Al-Nabi Saleh is build on the remains of a crusader outpost, which in its turn was built on the remains of a Byzantine village. Its history probably goes back to ancient Canaanite times. I believe that the population of these villages has never changed – they just changed their religion and culture according to the powers that be. They were in turn Canaanites, Judaeans, Greeks, Romans, Byzantines and finally Arabs.

The latest occupation (until now) is the Israeli. These new occupiers have no interest in converting the locals. They just want to take their land, and, if possible, induce them to go away. On part of the lands of Nabi Saleh an Israeli settlement called Halamish (“flint”) was set up.

The conflict between the village and its new “neighbours” started immediately. Between them is an ancient well, which the settlers have renovated and claim as their own. The village is not ready to give it up.

Like in many other villages in the area, such as Bil’in, on every Friday, right after the prayers in the mosque, a demonstration against the occupation and the settlers takes place. A few Israeli peace activists and international volunteers take part in them. The demonstrators are generally non-violent, but on the fringes teenagers and children often throw stones. The soldiers shoot rubber-covered steel bullets, tear gas and stun grenades, and sometime live bullets.

As in many small Arab villages, most inhabitants belong to one extended family, in this case the Tamimis. One Tamimi boy was shot dead in one of the demonstrations, a girl was shot in the foot. It is a Tamimi boy who features in the recent event.

“The clip that rocked the world”

The clip that rocked the world starts with one lone soldier, who was obviously sent to arrest a boy who had (or had not) thrown a stone.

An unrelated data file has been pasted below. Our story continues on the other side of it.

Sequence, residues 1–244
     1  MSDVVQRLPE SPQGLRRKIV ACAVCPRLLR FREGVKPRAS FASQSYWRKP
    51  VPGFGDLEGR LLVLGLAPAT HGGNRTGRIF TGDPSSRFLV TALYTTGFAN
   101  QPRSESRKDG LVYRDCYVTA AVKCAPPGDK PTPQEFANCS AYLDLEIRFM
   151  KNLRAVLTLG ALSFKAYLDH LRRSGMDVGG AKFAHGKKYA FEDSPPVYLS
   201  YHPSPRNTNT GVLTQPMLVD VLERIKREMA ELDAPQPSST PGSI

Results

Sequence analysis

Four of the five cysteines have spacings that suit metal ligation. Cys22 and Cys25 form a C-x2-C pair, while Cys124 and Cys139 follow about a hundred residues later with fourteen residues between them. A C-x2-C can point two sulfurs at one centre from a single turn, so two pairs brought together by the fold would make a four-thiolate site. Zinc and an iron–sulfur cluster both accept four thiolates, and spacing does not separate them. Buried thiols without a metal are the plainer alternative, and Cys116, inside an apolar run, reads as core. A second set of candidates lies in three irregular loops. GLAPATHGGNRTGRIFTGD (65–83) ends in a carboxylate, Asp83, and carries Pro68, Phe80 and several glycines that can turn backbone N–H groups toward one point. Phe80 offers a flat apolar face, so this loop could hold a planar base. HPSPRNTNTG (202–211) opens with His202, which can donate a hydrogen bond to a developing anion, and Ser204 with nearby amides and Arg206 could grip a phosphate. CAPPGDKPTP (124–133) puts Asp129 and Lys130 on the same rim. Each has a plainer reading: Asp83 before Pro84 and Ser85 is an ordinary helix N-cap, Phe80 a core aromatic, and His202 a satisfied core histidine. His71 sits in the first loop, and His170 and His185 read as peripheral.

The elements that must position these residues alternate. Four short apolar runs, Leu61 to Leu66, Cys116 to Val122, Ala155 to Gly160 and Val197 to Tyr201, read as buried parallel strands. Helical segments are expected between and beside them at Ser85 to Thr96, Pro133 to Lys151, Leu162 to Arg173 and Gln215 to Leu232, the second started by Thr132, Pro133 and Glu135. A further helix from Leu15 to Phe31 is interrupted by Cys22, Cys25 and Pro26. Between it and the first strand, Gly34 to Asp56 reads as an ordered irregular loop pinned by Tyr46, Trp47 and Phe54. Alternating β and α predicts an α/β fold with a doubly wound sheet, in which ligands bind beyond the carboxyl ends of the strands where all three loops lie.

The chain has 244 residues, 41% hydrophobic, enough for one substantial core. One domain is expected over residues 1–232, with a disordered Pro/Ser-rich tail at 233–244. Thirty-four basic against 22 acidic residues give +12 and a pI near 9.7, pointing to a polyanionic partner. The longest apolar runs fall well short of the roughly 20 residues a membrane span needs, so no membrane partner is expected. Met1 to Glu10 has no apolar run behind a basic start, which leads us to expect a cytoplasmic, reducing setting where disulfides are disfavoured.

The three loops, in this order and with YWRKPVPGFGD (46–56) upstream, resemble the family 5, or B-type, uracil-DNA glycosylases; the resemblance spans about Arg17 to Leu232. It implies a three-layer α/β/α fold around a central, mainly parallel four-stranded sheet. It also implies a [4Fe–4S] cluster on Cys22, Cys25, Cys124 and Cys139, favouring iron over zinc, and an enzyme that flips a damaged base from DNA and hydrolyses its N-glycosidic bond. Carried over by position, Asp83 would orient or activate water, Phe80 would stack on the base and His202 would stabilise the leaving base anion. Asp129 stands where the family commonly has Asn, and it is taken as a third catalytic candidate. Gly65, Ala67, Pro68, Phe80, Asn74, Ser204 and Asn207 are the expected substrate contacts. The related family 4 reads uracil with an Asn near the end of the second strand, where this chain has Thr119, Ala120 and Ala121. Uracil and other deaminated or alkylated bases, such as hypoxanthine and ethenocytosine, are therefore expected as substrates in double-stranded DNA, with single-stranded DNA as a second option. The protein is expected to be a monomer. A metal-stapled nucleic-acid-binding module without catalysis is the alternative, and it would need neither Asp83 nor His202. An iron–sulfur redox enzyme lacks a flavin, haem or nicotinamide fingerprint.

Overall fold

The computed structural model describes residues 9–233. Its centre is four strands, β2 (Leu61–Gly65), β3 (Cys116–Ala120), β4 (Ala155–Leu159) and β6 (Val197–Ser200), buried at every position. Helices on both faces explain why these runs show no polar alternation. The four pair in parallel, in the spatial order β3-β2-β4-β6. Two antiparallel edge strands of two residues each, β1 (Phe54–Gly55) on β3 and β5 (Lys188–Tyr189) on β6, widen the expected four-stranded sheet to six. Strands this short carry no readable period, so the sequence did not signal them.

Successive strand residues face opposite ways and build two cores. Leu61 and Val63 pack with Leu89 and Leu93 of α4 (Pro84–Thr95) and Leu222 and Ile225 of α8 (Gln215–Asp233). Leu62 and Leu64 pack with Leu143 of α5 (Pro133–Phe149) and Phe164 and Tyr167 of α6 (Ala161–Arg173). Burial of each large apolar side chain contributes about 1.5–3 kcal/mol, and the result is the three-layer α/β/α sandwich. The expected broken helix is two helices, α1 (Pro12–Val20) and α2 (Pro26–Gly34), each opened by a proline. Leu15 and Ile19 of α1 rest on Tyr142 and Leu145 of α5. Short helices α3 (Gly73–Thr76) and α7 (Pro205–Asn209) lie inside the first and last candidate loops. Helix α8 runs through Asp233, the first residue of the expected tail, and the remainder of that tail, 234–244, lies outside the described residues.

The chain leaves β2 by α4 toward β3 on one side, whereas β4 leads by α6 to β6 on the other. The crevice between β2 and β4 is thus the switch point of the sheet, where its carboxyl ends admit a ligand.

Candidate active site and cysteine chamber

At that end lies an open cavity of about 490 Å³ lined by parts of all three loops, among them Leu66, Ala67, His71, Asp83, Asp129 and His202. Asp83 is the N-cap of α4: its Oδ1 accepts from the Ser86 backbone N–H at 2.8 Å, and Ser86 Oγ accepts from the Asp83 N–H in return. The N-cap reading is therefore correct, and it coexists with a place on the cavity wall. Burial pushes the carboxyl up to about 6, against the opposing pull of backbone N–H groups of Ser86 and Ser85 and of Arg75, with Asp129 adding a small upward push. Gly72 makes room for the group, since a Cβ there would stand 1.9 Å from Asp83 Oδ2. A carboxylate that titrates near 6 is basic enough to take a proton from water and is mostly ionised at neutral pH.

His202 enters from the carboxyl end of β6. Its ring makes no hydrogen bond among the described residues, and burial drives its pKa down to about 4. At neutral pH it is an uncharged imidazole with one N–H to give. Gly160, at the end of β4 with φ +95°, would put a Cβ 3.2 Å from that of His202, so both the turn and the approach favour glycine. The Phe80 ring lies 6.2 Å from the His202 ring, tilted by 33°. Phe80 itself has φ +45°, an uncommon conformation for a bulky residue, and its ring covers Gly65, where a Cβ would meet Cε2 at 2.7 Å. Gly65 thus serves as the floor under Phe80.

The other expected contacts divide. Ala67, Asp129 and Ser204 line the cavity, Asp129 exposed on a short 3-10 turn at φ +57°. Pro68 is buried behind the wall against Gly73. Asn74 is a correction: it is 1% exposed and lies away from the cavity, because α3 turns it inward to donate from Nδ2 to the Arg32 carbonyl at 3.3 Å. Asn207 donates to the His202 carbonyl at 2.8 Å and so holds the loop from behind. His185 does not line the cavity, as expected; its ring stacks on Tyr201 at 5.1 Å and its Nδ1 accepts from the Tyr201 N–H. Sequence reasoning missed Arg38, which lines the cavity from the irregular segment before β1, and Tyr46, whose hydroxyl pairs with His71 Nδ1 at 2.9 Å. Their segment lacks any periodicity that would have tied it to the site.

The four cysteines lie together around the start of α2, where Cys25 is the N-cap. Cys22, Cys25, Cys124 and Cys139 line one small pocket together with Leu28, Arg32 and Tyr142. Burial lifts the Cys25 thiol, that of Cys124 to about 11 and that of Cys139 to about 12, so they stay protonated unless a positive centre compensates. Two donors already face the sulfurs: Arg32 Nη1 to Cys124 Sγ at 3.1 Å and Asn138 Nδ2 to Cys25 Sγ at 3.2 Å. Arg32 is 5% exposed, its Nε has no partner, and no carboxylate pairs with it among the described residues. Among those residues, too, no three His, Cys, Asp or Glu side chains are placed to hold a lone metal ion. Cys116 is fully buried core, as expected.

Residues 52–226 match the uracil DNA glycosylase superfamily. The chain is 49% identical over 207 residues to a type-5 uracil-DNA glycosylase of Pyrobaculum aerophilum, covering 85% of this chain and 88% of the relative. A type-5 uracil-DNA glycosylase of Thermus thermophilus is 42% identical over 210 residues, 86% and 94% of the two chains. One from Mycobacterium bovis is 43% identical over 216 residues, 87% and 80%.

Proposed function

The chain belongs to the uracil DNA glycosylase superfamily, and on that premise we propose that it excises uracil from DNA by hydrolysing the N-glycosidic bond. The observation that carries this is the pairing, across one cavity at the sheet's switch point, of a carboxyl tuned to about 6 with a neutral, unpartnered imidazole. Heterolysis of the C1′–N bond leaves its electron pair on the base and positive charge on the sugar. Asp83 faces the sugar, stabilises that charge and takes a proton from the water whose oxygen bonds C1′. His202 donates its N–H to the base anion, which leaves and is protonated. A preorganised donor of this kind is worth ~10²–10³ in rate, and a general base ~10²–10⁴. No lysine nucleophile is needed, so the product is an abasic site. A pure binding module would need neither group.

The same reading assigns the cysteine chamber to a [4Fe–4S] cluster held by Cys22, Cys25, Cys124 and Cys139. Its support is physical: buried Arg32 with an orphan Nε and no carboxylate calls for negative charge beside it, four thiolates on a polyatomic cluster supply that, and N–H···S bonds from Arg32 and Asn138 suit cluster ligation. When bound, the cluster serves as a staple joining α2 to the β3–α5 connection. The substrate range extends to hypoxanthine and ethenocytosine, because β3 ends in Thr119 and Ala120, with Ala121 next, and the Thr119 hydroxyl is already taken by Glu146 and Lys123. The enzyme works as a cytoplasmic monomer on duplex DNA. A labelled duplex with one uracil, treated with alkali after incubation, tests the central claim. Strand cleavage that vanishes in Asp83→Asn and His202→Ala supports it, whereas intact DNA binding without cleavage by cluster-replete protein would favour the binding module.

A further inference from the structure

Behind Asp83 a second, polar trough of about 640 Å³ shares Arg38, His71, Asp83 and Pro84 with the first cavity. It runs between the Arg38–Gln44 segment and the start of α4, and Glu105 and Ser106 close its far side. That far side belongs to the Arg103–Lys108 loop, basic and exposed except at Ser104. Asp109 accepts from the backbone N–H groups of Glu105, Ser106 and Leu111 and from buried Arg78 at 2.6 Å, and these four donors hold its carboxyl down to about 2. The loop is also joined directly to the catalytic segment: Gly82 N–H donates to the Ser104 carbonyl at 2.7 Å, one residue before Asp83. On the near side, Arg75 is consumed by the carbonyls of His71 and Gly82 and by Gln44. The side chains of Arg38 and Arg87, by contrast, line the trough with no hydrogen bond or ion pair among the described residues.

The soldiers jumps across the rocky terrain, looks for the boy who is hiding behind a rock and catches him. It is 12-year-old Muhammad Tamimi, with one arm in a plaster cast.

The soldier puts his arm around the neck of the boy, who cries in terror. Soon his 14-year-old sister appears, and soon after that his mother and other women. They all tear at the soldier, who tries to push them away with his other arm. During the wild struggle, the sister bites the arm of the soldier, the one which holds his gun.

The soldier is masked. This is a new thing. Why are they masked? What are they hiding? After all, they are not Russian policemen who fear the revenge of the gangsters. When I was a soldier, long ago, masks were unknown.

During the melee, one of the women succeeds in ripping the soldier’s mask off. We see his face – just an ordinary young man, recently out of high school, who is obviously at a loss of what to do. There seem to be photographers all around. One sees their feet.

Would the soldier have used his gun if the photographers had not been there? Hard to say. Recently a brigade commander shot and killed a boy who had thrown a stone at his car. The army condones and even lauds such acts of “self-defence”.

For some minutes the scene goes on – the boy crying and pleading, the women pushing and hitting, the soldier pushing back, everybody shouting. Then another soldier approaches and tells the first soldier to release the child, who is seen running away.